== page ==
For mainline pastors, the Driscoll saga—the conflict at Seattle’s Mars Hill Church leading to the resignation of superstar pastor Mark Driscoll—can seem like a number of things: an entertaining but irrelevant sideshow, a distraction from the real work of God’s kingdom, or the long-overdue fall of someone whose theological views and ideology are so different from ours. We feel so distant from Driscoll and what he stands for that we can almost watch with bemused smiles.
And it’s just this sense of distance that might keep us for seeing this situation the way we should: as a cautionary tale.
Have you ever been inordinately annoyed by someone else's clothing? I have, and in my experience this is a classic indicator of what this week's Leviticus reading calls “hating someone in my heart.” When I'm repressing anger or frustration, I suddenly notice the hideously out-of-date belt my relative is wearing, or the way-too-short-in-every-inseam pantsuit my co-worker has on. The clothes are never the true offense, of course, but they send off alarms: time to speak up.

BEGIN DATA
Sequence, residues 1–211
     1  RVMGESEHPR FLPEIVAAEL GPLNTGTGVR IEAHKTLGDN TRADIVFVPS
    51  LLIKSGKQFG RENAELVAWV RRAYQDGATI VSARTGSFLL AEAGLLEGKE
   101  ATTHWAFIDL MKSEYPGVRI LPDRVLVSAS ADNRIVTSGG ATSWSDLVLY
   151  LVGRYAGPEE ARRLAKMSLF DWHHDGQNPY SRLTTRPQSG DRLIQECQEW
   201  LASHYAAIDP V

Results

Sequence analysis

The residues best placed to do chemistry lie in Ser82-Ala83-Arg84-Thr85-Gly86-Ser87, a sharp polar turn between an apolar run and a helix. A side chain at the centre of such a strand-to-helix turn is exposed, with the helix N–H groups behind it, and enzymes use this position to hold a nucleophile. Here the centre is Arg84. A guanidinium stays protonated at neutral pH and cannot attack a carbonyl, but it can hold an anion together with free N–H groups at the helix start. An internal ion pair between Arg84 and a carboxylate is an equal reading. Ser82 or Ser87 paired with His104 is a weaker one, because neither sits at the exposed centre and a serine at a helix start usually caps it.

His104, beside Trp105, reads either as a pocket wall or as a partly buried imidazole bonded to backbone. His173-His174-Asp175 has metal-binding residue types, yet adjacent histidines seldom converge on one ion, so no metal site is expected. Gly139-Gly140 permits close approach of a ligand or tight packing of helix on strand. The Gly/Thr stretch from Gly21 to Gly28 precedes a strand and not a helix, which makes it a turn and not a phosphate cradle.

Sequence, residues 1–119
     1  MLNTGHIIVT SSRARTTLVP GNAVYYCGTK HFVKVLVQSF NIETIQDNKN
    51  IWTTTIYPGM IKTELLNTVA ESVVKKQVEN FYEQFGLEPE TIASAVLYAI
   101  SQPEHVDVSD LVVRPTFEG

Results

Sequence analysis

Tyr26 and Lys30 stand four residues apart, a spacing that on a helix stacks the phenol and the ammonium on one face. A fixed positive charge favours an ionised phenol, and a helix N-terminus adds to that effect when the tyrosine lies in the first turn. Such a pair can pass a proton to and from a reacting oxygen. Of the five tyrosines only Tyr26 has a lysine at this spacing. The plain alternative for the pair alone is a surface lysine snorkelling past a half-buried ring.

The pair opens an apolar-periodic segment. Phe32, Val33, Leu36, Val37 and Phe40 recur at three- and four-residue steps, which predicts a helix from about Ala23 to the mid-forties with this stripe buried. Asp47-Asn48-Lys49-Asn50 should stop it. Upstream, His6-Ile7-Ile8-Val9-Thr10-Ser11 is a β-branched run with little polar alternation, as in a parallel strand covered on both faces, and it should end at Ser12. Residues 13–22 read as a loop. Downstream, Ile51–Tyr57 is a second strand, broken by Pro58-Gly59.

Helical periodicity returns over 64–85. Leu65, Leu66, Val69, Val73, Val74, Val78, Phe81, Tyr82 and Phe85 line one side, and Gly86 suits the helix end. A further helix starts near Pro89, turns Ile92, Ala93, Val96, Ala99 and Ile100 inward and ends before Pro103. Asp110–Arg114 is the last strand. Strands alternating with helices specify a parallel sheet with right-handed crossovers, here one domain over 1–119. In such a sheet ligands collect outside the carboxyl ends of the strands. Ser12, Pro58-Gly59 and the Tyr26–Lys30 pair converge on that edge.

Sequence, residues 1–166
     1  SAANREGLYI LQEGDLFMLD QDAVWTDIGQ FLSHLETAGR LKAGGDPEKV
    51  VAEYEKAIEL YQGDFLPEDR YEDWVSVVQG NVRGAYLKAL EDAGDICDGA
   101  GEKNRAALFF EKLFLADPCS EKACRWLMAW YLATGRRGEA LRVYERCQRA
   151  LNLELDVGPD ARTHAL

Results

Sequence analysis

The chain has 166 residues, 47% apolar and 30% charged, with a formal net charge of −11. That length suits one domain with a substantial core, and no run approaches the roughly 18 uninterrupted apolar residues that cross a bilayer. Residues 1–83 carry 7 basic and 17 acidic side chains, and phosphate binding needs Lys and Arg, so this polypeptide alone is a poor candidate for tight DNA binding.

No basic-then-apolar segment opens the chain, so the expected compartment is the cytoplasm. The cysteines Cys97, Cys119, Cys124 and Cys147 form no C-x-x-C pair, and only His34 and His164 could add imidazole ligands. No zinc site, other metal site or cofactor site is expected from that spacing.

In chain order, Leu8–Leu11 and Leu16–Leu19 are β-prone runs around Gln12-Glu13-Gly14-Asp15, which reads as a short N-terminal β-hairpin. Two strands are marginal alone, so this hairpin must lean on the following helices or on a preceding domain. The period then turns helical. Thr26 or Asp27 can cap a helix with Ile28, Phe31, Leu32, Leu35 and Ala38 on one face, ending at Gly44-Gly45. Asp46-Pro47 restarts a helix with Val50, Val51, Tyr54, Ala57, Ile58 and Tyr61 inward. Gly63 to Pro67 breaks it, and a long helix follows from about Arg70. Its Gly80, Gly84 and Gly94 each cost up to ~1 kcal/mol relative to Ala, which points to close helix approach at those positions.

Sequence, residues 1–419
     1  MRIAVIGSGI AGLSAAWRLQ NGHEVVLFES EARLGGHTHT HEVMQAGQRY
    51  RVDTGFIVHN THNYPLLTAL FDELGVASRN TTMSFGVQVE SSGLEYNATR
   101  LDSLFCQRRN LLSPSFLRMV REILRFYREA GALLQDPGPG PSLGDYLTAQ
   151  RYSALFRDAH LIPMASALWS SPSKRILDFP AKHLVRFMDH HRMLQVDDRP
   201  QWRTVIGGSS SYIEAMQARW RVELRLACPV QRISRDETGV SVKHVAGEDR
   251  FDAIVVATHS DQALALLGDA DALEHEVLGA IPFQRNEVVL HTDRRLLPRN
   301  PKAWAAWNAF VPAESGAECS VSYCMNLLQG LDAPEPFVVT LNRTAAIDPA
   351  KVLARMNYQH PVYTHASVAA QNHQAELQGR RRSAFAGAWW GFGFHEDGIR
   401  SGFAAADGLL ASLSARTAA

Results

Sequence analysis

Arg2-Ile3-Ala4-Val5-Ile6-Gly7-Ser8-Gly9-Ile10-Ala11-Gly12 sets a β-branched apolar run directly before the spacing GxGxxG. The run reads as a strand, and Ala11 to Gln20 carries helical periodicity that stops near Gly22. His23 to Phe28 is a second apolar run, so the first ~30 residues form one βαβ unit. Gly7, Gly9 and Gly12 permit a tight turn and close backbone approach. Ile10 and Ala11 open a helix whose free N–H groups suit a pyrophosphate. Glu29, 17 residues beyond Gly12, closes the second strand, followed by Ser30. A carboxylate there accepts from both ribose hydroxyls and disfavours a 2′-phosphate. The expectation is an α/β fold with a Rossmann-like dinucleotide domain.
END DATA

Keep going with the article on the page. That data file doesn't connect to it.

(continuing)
The American Catholic bishops support President Obama’s intention to take executive action on immigration. “It would be derelict not to support the administrative actions . . . which would provide immigrants and their families legal protection,” said Eusebio Elizondo, chairman of the U.S. Catholic Committee on Migration. In the past the bishops have been critical of the president on gay marriage and the contraception mandate of the Affordable Care Act. Now they are under pressure to follow Pope Francis’s lead in making social justice issues a priority (RNS).